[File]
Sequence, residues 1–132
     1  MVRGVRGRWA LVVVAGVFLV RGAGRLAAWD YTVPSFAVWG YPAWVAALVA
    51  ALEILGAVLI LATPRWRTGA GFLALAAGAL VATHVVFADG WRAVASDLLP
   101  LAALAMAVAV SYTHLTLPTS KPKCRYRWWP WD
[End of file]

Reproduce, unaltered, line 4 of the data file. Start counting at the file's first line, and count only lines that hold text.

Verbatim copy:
   101  LAALAMAVAV SYTHLTLPTS KPKCRYRWWP WD